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on 5 September 2005
If you're a Lennon or Beatles fan, this book is a gift. It's simply the best look at John Lennon's post-Beatles music I've seen. There are other texts that address Lennon's solo work, but, because they are generally broader in scope or somehow focused more on less intense aspects, none are really able to approach the intelligence, sophistication, and thoroughness of this book. By focusing all of his attention on Lennon (unlike say, the equally superb "Eight Arms To Hold You: The Solo Beatles Compendium"), Blaney is able to provide much personal insight as well as detailed information about individual albums and songs. Of course you won't agree with all of his opinions, but that's half the fun. He has drawn upon many sources for this book, the result being that in the last few days I've learned from this single volume more about Lennon's solo output than I'd ever known. Much of this info, too, refreshes things I had long forgotten. It's the same, by the way, with Mr. Blaney's other Beatles discography, McCartney's "The Songs He Was Singing".
Perhaps his next edition will be a look at the music of George Harrison. It would probably be too much to expect a similar book from Blaney dealing with The Beatles' catalogue. Such a thing would be massive, and probably take many years to complete, but it sure would be nice to have a chance to listen to that book as well.
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on 26 August 2005
Truly stunning. Each track features a list (when known) of who played on it (and what), where and when it was recorded, who produced it and has the story behind the song. And of course each release is introduced by general comments.
This makes it a book that is a great read, but also a great reference work as each song has a cross reference so you can easily find the different versions.
The wealth of pictures of sleeves and labels alone would make this book worth buying. It is however unfortunate that all photos are in black & white as this of course doesn't illustrate the colour variations in labels. And some of the photos are blurred (like the Two Virgins labels on page 4).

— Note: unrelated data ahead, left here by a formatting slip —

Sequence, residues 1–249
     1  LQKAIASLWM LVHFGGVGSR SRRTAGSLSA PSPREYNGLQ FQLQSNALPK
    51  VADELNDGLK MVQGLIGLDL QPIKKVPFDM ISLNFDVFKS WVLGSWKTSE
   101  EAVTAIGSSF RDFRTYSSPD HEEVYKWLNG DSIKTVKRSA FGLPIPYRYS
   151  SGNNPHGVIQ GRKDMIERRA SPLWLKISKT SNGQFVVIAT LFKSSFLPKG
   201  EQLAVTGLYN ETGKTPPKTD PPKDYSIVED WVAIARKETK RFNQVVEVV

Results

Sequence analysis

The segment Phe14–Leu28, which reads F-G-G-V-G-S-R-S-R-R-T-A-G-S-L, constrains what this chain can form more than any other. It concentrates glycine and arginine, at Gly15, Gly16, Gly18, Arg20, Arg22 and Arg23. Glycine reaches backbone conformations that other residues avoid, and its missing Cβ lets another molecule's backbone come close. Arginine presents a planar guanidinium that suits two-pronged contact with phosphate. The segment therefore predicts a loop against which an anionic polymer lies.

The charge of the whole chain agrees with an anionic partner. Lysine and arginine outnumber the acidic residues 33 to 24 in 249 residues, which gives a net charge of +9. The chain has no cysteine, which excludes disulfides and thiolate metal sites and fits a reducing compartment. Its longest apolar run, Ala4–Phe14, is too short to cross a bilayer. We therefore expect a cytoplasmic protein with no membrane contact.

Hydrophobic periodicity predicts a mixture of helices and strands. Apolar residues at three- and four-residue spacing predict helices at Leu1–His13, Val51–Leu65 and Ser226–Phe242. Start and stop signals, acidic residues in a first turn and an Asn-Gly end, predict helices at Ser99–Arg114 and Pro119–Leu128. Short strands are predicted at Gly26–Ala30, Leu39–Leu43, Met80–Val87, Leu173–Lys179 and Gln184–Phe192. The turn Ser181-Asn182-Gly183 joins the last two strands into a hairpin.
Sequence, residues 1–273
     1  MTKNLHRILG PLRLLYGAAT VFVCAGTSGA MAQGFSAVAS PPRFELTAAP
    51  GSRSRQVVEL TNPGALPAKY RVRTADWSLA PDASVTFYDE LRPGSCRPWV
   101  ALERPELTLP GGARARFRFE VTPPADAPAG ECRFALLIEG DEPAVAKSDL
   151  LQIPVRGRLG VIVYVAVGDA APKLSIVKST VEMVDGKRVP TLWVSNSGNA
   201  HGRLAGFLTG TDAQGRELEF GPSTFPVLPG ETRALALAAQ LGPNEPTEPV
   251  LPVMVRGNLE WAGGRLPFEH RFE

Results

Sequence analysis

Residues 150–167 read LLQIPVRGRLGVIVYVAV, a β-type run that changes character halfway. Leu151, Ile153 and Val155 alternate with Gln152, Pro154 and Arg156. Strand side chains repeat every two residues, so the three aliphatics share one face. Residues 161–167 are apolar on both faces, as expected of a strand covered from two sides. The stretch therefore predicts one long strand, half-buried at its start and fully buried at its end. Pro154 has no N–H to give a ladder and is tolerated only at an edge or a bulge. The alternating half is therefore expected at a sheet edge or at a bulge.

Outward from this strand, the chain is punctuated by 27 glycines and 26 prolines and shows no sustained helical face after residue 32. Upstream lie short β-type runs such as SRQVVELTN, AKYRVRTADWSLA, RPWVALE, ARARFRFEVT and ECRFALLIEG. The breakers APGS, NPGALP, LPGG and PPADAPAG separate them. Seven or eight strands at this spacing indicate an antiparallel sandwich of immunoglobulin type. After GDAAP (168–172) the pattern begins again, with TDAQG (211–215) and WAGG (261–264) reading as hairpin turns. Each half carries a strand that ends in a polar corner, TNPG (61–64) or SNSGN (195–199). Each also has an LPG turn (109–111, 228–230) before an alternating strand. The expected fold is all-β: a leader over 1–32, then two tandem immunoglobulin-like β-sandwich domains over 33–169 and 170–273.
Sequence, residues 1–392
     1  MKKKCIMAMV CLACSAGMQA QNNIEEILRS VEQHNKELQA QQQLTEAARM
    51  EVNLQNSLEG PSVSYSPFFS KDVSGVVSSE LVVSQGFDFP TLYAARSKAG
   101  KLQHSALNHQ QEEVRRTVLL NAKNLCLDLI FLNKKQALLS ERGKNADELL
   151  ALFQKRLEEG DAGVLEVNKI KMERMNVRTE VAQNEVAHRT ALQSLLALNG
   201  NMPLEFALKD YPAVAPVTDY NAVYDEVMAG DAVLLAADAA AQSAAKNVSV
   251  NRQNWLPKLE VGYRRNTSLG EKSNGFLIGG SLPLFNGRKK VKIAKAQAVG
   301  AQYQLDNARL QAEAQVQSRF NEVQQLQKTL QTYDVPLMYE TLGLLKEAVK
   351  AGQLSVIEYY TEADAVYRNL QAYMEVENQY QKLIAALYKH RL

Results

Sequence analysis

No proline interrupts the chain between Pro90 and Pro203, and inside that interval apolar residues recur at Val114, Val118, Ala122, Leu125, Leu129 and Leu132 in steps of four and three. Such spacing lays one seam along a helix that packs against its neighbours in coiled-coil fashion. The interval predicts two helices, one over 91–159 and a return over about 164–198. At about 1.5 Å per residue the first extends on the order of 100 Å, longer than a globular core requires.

But I really haven't seen a better Lennon discography than this one, so if you're still looking for an excellent Lennon discography or are unhappy with the one you have now, get this one while supplies last.
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on 8 November 2005
If you are a John lennon fan you NEED this book.
If you grew up listening to John you NEED this book.
If you have one John Lennon LP or CD then you NEED this book to discover his music.
This is a beautifully put together book full to the brim with info and pictures and is a great read.
As Dr Winston O'Boogie once said "You Should Have Been There". Read this book and you feel as if you were.
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on 1 October 2005
Spanning the period 1968 up to the recently-issued Acoustic CD, this book lists, discusses and illustrates all of Lennon's releases from the UK and across the pond in the USA. Comprehensive in its approach, you can go straight to the UK or US discography that lists all of the 'regular' releases, or investigate the individual listings of promotional and interview discs.
The book has been very carefully compiled by John Blaney, obviously a fan, who has presented this material in a concise and compact form. Influences and recording information are also provided, plus if you needed anything more there is a section on Japanese releases and chart performances.
If you are a fan of the solo Lennon you will find this book invaluable both as a reference tool and as a 'look book', with all releases fully illustrated (although unfortunately only in black & white). Be quick, as il is a limited edition of 1000 copies'
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on 5 November 2005